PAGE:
The Apostle Paul, who had experienced such a powerful direct address by Jesus Christ, never used that experience to build his own religious authority. In fact, the memory of that experience over the rest of his life was his constant source of humility. On the Damascus Road, he learned not that he was special but that he was wrong—murderously wrong. If he were ever tempted to become boastful about his faith, his immense intellect, or anything, he remembered an experience so powerfully humbling that it left him blind for days and led around by the hand like a toddler.
Christ himself, in my reading of scripture, also did not advocate miraculous experiences as the basis of faith. Next Sunday is the first in the season of Lent, a day when the Church reflects on Christ’s temptation by Satan in the wilderness. Several of the Gospels detail three specific temptations; one is for Christ to throw himself down from the top of the Jerusalem temple so that angels may catch him in mid-air. Why is this tempting? Because then everyone would see the miracle, all doubts about his Messiahship would be over, there would be no cross, just Christ as the object of worship for all. Christ says no to Satan’s temptation—he will not be Lord of all on the devil’s terms, and he does not want people to believe in him simply because their eyes saw a miracle but because their hearts, minds and spirits converted to the Gospel—turned from the ways of the god of this world to those of the one true God above.
Paul writes to the Corinthians that, to some, “our gospel is veiled… In their case, the god of this world has blinded the minds of the unbelievers, to keep them from seeing the light of… Christ.” Among the first churches that Paul was growing there was also disagreement about the role of personal, dramatic religious experiences. Some people had had them, but many had not. To Paul, and what he wanted the Corinthians to know, is that all who believed in Christ had “seen the light”—“the light of the gospel of the glory of Christ, who is the image of God.” The real challenge was those many people to whom the gospel was “veiled”—people who simply couldn’t see the light because “the god of this world” was blinding their minds. Paul, who had been blinded by the light on the Damascus Road, laments for those now blinded by belief in another kind of God. Who is this “god of this world” who is Paul’s sworn adversary—and ours? It is no namable individual demon, I think, but our own human propensity for violence, cruelty, and discrimination, coming from our greed for money, power, and resources for ourselves. The only alternative to this, the only thing with the power to overcome the god of this world, is “the light of the gospel of the glory of Christ.” It is the true God who shines in our hearts who gives us the ability to overcome the attraction to violence and greed that is within us. Our gospel is veiled to so many, and the blessed assignment of our lives is to “let light shine out of darkness.”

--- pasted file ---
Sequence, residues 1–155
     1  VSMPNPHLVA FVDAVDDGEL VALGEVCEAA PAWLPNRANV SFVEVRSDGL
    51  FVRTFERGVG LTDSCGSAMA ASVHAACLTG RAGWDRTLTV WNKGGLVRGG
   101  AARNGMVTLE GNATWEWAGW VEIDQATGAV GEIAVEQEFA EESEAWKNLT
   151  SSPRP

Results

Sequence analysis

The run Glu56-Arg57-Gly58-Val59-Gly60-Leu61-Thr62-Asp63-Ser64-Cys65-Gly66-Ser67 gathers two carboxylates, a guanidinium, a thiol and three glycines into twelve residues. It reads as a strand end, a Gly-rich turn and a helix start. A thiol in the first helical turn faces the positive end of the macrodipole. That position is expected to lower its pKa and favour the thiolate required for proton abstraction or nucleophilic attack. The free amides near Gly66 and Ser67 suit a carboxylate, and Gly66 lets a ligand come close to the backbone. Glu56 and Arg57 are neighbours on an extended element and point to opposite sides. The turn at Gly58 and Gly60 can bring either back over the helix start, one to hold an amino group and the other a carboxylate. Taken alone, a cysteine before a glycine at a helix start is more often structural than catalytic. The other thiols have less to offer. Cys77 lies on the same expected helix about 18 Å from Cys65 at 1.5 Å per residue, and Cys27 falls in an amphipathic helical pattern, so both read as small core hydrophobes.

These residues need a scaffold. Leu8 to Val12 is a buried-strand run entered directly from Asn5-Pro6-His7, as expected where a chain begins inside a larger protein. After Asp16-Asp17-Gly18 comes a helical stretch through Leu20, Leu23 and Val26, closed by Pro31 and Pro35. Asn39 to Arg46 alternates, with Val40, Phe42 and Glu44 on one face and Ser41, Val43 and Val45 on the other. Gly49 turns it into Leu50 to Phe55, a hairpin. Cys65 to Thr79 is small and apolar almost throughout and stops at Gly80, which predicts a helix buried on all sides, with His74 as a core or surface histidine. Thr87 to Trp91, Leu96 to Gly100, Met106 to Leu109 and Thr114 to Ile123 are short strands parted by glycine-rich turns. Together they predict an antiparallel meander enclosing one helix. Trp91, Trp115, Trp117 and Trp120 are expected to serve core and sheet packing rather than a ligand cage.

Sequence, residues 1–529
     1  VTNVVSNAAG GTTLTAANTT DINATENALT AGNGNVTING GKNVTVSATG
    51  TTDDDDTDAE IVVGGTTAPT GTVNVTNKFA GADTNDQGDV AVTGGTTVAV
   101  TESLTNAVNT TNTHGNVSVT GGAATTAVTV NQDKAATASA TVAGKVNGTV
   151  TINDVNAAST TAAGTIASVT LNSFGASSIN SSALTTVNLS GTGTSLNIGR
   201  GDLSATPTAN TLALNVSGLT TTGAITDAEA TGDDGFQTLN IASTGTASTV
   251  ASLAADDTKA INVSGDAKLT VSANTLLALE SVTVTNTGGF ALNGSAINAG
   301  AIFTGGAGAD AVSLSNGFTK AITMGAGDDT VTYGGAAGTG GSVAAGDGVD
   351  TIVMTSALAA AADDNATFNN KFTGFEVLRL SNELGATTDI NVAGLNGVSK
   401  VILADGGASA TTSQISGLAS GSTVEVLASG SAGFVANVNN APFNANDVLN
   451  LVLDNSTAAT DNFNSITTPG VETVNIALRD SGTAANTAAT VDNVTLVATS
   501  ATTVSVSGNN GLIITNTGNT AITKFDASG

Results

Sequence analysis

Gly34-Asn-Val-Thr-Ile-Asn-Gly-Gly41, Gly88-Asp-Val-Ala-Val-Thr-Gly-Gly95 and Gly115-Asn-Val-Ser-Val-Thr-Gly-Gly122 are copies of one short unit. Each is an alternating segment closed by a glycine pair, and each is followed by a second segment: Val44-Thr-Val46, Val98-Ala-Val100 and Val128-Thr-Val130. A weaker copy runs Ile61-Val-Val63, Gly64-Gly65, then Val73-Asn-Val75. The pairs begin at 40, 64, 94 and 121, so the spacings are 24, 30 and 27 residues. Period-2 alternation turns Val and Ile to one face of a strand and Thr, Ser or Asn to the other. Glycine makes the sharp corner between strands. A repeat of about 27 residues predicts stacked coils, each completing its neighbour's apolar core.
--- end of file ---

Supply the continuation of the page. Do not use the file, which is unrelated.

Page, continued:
Paul was truly blinded by the light of Christ; the disciples were dazzled by the brightness of Christ as he was transfigured before them. We do our best to live out the light of Christ that is within us, testifying to that light with the whole of our lives, whether or not those around us have the benefit of such a theophany in their own lives. They may only have us, as Paul says: “slaves for Jesus’ sake.” We are deeply flawed messengers, but that doesn’t matter. When so many are truly perishing, our task is to manifest the light that is within us. We can’t produce blinding miracles, and we don’t need to. We can engender and share the faith that is deepest—founded on the quiet, unshakable presence of God and Christ in our lives, they who so simply love us, lead us, and accompany us our whole lives through, and even until we see the light of their eternity.